If you’ve been following my build blog you probably have noted a lack of build progress over the past couple of weeks. I didn’t really report the last few days of my massive shop cleanup, which I’m still on the tail end of, when I then took a few days off to go see the fall foliage rolling in over on the west side of North Carolina in the mountains.
A few days after that I headed out to Kentucky, just a few hours from Rough River actually, to visit my daughter, son-in-law and grandkids for nearly a week.
With a nice respite and a good family visit under my belt, I’m now ready to hop back into the build full bore.
I started off by sanding down the first round of thick “micro” I had applied to the front half of the RAM air scoop to thicken up the front edge to create a nice rounded opening for smoother air flow… think airline engine intake. I had originally planned on attempting some type of Bell Mouth intake, but realized it would just be too complicated. Thus, I’m following in the footsteps of fellow builders James Redmon, Dave Berenholtz and Dave Anderson in how they all pretty much constructed their respective RAM air intakes.
After sanding down the first round of filler, I then fine tuned the current filler with yet another round of straight West 410 filler, as you can see below. I then used some of the leftover West 410 to fill in some of the edges of the glass divot I created on the aft top end of the left pilot armrest that will allow clearance for the fire extinguisher to be mounted on the front side of the pilot seat back just above it.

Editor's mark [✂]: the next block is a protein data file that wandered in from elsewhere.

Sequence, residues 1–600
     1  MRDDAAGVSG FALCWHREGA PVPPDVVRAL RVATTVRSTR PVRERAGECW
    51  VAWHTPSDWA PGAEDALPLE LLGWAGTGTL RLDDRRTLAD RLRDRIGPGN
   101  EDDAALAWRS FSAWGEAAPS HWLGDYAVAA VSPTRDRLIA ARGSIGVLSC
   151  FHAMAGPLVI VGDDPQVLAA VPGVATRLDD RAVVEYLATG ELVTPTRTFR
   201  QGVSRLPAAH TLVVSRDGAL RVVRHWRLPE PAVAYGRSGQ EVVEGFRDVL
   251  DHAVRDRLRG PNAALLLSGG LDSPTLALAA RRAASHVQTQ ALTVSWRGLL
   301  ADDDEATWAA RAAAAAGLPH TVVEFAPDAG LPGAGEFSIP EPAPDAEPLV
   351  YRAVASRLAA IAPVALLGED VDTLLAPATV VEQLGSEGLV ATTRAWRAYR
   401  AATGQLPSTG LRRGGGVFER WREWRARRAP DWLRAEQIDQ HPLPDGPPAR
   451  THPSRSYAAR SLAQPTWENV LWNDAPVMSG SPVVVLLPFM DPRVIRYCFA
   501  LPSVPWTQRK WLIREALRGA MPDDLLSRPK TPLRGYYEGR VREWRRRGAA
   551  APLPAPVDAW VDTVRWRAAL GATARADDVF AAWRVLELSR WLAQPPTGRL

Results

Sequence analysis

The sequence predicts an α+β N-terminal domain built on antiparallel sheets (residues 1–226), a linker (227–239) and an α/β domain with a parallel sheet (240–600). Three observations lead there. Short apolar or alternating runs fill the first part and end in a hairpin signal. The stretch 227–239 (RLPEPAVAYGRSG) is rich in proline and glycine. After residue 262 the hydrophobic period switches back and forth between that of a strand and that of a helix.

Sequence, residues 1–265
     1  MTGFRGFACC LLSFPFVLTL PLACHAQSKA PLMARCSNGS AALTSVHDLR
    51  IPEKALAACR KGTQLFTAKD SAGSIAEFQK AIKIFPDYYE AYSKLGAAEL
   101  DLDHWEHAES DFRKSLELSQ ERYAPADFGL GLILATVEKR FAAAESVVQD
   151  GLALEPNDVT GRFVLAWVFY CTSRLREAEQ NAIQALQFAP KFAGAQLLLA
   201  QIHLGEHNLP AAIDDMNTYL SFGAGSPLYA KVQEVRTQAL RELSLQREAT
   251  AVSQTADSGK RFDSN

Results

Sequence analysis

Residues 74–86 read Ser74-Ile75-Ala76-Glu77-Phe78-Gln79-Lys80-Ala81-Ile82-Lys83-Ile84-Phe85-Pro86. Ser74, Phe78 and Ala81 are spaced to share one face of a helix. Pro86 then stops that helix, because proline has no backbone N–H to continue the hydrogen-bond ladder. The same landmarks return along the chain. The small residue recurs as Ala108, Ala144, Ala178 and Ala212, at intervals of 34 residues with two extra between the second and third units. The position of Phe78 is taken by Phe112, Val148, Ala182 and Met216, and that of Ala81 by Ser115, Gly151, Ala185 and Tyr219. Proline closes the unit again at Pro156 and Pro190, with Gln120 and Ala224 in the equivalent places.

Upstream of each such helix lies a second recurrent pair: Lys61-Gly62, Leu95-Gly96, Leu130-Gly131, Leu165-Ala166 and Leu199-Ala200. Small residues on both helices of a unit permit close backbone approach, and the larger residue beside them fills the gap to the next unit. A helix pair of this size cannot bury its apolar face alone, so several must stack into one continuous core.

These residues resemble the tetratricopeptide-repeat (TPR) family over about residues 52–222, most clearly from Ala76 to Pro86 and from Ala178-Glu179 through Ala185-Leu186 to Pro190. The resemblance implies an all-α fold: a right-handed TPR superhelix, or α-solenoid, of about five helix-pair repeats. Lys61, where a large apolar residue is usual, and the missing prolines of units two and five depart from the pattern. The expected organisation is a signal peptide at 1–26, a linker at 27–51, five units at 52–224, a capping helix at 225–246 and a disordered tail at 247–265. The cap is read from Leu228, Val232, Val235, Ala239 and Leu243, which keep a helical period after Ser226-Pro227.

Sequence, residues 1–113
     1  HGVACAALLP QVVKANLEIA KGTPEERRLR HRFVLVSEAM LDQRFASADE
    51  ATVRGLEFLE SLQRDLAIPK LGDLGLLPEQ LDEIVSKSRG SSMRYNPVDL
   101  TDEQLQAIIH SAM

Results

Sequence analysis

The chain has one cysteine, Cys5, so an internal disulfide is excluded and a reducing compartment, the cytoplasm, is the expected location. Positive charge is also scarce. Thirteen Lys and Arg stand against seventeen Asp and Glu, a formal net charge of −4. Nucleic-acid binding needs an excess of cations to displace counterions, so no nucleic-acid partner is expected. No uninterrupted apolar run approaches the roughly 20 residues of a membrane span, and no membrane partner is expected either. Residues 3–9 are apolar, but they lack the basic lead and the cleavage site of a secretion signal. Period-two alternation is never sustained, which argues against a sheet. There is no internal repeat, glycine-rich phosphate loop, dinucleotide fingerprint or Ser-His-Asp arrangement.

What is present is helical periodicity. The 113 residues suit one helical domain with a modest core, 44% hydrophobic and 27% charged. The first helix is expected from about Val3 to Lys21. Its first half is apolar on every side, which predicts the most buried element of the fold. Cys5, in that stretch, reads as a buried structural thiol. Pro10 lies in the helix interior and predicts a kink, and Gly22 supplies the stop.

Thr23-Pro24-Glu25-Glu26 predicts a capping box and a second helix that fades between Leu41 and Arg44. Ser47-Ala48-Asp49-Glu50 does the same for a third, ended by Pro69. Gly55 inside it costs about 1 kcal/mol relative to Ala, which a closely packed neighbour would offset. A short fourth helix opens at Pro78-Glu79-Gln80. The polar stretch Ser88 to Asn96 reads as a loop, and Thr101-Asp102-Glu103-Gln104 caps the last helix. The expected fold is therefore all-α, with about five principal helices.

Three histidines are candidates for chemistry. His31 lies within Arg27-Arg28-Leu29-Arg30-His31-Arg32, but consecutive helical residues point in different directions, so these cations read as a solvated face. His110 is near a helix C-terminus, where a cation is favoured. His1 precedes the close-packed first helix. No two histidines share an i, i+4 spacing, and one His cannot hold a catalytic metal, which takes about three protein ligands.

Another shot of the belly RAM air scoop West 410 refill on the front side of the scoop to thicken it up to allow me to create a thicker, rounder scoop inlet.
I then spent about 3 hours wet sanding the epoxy wiped bottom cowling. Grant it, I should have done this a few weeks ago since I’m now dealing with a very hard cured West epoxy shell… albeit it’s nice to know how durable this shell actually becomes after a nice bit of cure time.
Note the un-epoxy wiped aft edge of the bottom cowling where I will work the interface with the upper cowling. After which, I’ll then blend in the finishing and finalize it for the bottom cowling.
The real challenge with the armpit air intake scoops is getting down in between the scoops and the cowling to knock down the cured epoxy. As you can see, I did a good bit of “damage” to the West epoxy wipe, but didn’t get the entire cowling sanded. I figure I still have another 2-3 hours left to get this thing sanded in prep for primer… I’ll make another good attempt at it tomorrow.
I will also note that I would sand for a good bit, then take a break to clean up some of the shop before resuming sanding again. All in all I probably put in a good hour and a half of shop clean-up during these sanding efforts. Tomorrow looks to be a good deal of rinse and repeat.